This is a book about a blues musician Jimmy Rogers. I don’t think to many people have ever heard of but they have heard of his music, for if you have listen to the old Muddy Waters and some Little Walter, songs from Chess Records then you heard his fine guitar playing in the back ground as well. At the introduction Kim Wilson, made a point in saying that they really needed to do a miniseries on Chess Records, like on HBO. That the real story could be told for you would have a longer time in telling the actual story. I agree with his statement. So many people took that movie as fact when there was much more to the Blues in Chicago and the Blues in general. Back to Jimmy Rogers. His home life as a young boy was a series of homes between families’ members from Memphis to Charleston, back to Memphis, St. Louis, for a while then finally living with his grandmother in Memphis. He learned to play the harp in his travels, the harmonica. He was very good at also and his grandmother had him going to church all the time. There he sang in the choir and he started to play the guitar. By his late teens he was playing with older guys in clubs whenever they needed a harp player or guitar player. Once his grandmother found out he was playing the blues he either had to stop or move out, he moved. Took a train to Chicago and figured that he could look for work there just as good as in Memphis. He had a few jobs playing music and by the late forties even recorded a little but got taken on those, these would always sour him on the recording business for years. He first meet Little Walter, the two of them hit off right away and later he touched based again with Muddy, they had met before and had hit it off and he told him about Little Walter. Who would know that these three men would have such a huge impact on the music that we listen to, for groups like the Beatles, Rolling Stones to name just two but also the many other musicians that listen to those records made from Chess? Once these three men got together they would go around to different clubs and out play the band that was on stage this lead to jobs for them at night and then to a higher price they could get as well. Then after one night is when Leonard Chess heard them play and wanted to record them. He actually owned another smaller record company first and he only released one record at a time. It just was just a 45 he would do this when he started Chess records also. It would be a while before he would release a full album. By this time Chess was changing people bringing in Willie Dixon, getting rid of one of the guys that was finding blues musicians around town. he then started recording Little Walter, with Muddy and him in the back ground but when he would record his records they would not get released they were being put on the shelf. Then when he didn’t have anything he would release one of Jimmy songs. It would sell but it took a few years before he had a song reach the charts. Meanwhile he was still playing clubs and go on the road with Muddy and Little Walter. Turns out that Jimmy and Howlin Wolf, were the only two that did not want to be paid with a Cadillac, they both wanted money. So still Chess would find a way to take a little extra out, sometimes by him playing on a song or adding his name as one of the writers. Jimmy would always argue with him and after Little Walter left and Muddy’s, records weren’t selling like they were most of the blues men left. Chess sold. In the 60’s Jimmy really didn’t play music he worked a regular job and was there for his wife and his children. Phil Chess, did give him some money from a royalty check after the place was sold. In the 70’s he started playing again and either forming bands or sitting in on different bands. He also started playing in blues festivals, and in a couple of clubs in Chicago when he was in town. by the late 70’s he was a regular at these clubs and the new younger blues musicians were wanting him to play on their records or sit in with him when he was playing. He finally made big money when in 94 Eric Clapton recorded two of his songs on his album From the Cradle a good blues album by the way, the song were “Goin away baby” and “Blues Leave me Alone”. This book goes all the way up to his death and how his son who was playing in his band was feeling. This is a book not only about Jimmy Rogers (Jimmy Lane) was his birth name, but a history into blues music and a little bit more of a look into Chess Records. A good story about music life and what was going on in our country. A lot of information, at the back of the book is a list of all of his work, his own and the records he played on. A very detailed list. I enjoyed this book very much. I got this book from net galley.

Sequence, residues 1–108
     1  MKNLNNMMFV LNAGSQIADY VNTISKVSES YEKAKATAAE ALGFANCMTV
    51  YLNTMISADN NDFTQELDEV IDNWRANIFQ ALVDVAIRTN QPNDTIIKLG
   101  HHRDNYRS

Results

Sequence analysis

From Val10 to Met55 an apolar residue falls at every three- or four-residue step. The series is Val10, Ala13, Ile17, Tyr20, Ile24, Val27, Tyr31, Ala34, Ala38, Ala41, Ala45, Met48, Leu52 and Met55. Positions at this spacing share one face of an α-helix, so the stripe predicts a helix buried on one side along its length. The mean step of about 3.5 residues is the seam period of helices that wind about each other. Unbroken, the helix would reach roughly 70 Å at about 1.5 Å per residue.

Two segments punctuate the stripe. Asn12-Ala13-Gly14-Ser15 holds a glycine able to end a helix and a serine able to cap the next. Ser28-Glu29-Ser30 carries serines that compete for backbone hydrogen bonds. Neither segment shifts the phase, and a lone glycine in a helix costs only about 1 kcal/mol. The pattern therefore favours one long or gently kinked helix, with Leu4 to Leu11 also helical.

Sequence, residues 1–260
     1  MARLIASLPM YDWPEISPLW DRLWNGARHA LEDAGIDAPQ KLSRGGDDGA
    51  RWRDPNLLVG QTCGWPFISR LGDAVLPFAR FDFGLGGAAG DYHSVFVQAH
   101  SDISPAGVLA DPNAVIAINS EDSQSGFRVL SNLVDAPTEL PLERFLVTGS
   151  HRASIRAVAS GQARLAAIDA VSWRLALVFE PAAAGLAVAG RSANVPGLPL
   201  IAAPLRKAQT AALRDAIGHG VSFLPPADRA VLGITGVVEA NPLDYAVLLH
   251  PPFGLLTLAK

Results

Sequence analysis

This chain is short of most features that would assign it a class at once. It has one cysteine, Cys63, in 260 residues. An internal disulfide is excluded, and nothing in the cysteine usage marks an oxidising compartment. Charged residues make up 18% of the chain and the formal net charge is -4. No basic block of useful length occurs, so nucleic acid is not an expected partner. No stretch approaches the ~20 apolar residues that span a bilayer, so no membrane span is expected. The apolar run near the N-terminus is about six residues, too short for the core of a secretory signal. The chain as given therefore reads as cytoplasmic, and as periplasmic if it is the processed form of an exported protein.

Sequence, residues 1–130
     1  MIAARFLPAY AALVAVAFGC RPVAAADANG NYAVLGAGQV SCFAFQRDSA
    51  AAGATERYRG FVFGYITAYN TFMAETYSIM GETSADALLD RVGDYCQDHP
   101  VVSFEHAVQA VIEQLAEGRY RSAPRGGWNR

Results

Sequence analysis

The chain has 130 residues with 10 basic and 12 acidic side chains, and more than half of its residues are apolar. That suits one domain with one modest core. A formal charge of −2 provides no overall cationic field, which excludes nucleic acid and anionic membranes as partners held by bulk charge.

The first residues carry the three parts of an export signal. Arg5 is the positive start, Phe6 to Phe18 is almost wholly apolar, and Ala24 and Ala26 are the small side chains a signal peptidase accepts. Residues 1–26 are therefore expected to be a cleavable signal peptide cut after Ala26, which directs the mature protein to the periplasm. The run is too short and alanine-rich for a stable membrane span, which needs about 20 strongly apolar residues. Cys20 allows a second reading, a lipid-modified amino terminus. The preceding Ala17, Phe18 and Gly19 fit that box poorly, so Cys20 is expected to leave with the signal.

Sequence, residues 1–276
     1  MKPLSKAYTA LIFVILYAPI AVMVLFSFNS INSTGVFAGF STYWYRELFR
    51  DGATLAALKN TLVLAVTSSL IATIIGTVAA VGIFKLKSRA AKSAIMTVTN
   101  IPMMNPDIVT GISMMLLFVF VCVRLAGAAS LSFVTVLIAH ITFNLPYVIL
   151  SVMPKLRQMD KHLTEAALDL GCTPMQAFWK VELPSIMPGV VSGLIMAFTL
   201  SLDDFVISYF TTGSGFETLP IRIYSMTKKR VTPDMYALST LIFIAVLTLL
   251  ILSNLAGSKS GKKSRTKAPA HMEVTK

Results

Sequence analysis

Posted:  Oct. 27, 2014